After the postwar layoffs at Pearl Harbor, the photo shop boss hired a former Haole defense worker as a foreman while the “regular Japanese-American one was away on his two weeks vacation.” The writer added that there was a modicum of justice: the foreman eventually was fired and the Japanese American got the job.
One writer while in the service served as a clerk in the headquarters section of Tripler Hospital. He recounts the various “divides” among hospital staff: locals versus those from the continent; officers versus non-commissioned officers versus enlisted men; general practitioners versus specialists. Naturally, there were conflicts due to race as well.
Since the officers in charge were haoles, the secretaries to the higher-ups were invariably haoles. In the case where orientals held responsible clerical positions, their pay was lower in scale in comparison to the haole personnel. As has been mentioned before, the reason for this was that the officers in charge were haole, and more important, mainland haole, who always desired haole secretaries and would submit to oriental ones only when necessary (B.Y., “My Hospital” Hormann Student Papers Box 8, Folder 16).
Women at work
Gender, which is not a term that faculty or RASRL writers would have used, was rarely a topic for assignments except in the examination of female occupations such as maids, barbers, and prostitutes; familial roles as mothers, daughters, and sisters; and the highly charged topic of local women dating servicemen and defense workers during the War. So when gender does surface, even obliquely, we take notice.
My new boss was 22 years old. He sat doing nothing all day except trying to make passes at me and my co-worker. Fortunately, he enlisted with the Seabees twelve hours before he received his notice to report for induction into the armed forces (UHSj-566-I).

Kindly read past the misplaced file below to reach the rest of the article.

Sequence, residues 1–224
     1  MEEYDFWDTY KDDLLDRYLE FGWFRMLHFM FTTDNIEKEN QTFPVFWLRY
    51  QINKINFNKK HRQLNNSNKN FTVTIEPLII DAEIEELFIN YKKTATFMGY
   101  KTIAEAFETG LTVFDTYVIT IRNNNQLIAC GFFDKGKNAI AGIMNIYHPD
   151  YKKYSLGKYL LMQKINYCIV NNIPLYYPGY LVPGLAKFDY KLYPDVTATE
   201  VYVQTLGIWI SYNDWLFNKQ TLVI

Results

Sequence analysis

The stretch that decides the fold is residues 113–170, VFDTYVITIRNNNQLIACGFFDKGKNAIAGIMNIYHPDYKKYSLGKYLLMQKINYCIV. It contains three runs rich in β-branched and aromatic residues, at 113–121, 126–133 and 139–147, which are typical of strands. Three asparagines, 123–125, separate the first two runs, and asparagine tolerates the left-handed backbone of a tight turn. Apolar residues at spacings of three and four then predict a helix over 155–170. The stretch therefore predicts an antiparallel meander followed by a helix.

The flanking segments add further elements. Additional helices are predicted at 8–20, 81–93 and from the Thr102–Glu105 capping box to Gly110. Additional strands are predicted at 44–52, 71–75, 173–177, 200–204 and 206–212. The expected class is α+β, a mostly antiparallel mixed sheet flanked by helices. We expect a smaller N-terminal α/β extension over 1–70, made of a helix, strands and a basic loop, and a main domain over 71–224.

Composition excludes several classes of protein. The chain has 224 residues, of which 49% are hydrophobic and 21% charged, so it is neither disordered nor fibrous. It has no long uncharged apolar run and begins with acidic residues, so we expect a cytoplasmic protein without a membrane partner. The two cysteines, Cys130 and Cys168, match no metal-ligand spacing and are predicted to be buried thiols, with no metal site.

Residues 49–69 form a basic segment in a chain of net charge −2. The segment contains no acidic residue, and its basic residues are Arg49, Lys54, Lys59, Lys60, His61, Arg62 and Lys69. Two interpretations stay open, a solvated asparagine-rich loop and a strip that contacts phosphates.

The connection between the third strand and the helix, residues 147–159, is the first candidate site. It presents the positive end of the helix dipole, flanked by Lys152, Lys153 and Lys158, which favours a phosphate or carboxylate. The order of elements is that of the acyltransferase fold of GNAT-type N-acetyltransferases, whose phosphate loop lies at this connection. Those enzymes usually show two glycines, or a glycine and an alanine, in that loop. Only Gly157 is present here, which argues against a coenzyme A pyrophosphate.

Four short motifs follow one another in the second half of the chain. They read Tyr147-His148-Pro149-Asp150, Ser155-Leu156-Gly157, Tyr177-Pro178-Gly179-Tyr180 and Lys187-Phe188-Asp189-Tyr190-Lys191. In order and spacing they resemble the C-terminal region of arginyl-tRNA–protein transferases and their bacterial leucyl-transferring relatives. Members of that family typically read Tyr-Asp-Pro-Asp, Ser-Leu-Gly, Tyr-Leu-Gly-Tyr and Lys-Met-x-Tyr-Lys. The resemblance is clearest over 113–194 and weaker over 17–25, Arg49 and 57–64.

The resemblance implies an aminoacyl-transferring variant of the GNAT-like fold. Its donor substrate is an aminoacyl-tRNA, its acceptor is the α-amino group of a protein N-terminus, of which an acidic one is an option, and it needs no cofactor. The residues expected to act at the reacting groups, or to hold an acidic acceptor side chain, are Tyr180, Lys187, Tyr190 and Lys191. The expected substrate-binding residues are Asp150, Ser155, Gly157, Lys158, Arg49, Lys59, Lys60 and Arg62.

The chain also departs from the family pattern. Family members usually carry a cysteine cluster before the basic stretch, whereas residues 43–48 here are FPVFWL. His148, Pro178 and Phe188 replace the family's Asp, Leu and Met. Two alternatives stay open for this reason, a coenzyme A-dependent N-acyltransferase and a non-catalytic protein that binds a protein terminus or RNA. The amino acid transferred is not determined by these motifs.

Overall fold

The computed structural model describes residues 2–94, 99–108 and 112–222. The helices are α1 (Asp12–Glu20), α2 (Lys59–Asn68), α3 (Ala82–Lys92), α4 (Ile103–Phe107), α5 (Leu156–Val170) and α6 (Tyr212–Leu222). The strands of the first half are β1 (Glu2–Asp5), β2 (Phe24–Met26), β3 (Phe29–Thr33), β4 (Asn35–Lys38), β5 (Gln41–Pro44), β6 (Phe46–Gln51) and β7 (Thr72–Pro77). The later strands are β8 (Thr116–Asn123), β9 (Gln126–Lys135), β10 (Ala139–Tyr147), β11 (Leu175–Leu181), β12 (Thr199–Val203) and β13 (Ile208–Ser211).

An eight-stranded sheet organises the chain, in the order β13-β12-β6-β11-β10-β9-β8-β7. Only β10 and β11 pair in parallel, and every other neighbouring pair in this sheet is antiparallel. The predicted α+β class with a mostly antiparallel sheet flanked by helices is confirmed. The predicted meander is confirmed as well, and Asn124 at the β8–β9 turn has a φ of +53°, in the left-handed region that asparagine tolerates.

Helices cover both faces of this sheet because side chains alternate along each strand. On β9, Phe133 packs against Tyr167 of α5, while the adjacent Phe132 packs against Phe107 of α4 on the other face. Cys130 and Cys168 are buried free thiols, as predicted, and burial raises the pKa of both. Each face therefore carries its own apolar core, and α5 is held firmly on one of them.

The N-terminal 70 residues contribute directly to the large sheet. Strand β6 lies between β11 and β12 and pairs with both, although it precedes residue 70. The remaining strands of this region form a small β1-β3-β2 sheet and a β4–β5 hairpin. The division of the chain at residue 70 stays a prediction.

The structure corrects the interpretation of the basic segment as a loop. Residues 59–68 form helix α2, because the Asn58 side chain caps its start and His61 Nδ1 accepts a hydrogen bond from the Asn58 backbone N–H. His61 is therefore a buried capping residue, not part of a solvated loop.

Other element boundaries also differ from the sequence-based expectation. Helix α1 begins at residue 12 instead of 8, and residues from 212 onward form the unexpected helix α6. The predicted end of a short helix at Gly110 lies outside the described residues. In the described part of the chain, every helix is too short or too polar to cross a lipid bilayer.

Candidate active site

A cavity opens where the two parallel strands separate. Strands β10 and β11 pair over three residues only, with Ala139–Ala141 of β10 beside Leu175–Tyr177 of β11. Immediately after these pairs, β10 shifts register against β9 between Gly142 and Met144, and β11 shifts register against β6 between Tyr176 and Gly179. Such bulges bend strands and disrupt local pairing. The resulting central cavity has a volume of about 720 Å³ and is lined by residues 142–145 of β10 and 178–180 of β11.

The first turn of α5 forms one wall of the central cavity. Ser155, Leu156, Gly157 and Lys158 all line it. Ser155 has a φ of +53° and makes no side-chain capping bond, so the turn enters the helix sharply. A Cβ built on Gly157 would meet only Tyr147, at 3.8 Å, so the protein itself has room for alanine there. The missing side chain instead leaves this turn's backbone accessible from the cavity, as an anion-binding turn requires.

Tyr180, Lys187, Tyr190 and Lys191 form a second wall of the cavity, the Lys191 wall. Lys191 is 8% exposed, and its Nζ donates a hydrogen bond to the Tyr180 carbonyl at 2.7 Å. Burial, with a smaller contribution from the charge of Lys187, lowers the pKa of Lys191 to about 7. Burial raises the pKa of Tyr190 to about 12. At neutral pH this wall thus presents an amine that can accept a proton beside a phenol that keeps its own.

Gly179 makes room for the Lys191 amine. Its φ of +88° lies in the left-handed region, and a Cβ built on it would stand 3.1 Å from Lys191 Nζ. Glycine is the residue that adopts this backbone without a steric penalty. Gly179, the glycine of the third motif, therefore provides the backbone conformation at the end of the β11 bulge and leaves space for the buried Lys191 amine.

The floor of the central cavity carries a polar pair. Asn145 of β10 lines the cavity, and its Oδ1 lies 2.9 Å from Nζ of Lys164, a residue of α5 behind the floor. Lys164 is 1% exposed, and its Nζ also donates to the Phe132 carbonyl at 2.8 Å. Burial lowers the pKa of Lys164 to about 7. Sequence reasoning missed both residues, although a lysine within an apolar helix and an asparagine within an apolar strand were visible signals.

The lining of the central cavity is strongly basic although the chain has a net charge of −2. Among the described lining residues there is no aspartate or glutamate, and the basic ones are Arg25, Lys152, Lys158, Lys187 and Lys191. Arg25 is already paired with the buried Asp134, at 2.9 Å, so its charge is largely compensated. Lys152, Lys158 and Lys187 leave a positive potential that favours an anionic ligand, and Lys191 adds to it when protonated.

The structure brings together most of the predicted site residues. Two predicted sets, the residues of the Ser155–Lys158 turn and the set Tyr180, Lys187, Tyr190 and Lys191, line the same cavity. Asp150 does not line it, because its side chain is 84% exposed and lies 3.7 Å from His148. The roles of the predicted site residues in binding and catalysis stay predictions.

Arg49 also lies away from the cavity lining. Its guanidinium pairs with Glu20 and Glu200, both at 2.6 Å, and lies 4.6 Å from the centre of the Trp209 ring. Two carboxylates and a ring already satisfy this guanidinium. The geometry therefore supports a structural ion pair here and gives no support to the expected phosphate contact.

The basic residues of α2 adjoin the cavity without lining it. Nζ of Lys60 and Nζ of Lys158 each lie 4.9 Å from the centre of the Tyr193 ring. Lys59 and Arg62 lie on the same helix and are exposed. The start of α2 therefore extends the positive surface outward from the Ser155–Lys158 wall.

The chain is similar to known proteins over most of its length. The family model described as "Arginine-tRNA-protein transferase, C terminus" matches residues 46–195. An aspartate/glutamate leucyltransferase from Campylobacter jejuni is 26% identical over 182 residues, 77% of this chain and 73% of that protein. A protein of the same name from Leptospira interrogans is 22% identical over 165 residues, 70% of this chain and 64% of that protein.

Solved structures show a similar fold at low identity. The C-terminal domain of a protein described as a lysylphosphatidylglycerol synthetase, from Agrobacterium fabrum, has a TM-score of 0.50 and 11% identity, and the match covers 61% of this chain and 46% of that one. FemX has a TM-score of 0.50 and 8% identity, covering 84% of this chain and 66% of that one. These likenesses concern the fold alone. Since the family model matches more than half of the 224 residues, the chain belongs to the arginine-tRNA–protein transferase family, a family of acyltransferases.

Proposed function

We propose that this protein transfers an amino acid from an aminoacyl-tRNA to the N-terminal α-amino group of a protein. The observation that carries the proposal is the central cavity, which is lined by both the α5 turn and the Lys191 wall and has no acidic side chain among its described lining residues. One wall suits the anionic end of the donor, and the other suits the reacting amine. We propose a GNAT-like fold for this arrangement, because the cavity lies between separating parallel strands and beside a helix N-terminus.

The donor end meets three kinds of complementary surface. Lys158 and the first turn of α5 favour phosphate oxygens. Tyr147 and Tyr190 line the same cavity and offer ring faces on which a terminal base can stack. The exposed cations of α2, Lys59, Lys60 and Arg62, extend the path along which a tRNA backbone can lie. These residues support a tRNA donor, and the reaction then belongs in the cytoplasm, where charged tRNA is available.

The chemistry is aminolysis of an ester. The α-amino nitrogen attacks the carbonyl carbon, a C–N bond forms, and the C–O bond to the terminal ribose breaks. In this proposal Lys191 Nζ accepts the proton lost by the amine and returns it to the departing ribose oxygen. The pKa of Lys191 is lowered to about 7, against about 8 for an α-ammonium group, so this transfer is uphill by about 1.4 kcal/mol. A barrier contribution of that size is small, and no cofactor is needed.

Another writer observed how the Haole boss, a married man from the South who had arrived in Hawai‘i six months earlier, treated Y.M., the boss’s clerk-secretary. The writer thought it strange that when the boss interviewed Y.M., he had asked her personal questions. His personal interest persisted: the writer recounts a time when Y.M. was on the telephone with her boyfriend, probably speaking pidgin. The boss overheard her and said, “’If I hear you say it again, I will spank you!’” (R. K., “Human Relations in a Job Situation: Manager and Clerk,” Hormann Student Papers Box 6, Folder 6).
This writer who worked at the Library of Hawai‘i witnessed the combined effects of race and gender discrimination for one employee:
… Louise was a part-time haole girl, she was lazy and someone reported her to the boss to have her fired. The boss liked her and her answer was “We should have more pretty girls in the library.” …There was a part Chinese Hawaiian girl who was working her way through school doing part-time work. In a week’s time she was fired. The reason I found out later was that the boss was from the southern part of the states and was prejudice[d] against Negroes [and] the girl being dark must have reminded her of the Negroes. The girl was a good worker but yet she was fired (A.C., “Human Relations in a Job Situation,” Hormann Student Papers Box 6, Folder 17).
As we continue to work with the RASRL Collection, we frequently remind ourselves that the archival material we have before us may be deep but it is also narrow. It was shaped by faculty who were White, male, from the continent and by their research interest, race. From our perspective, we see that the treatment these young women received made them uncomfortable, was demeaning, at times even threatening. It would be twenty years before we would had a name for this behavior, before we could call it for what it was, sexual harassment.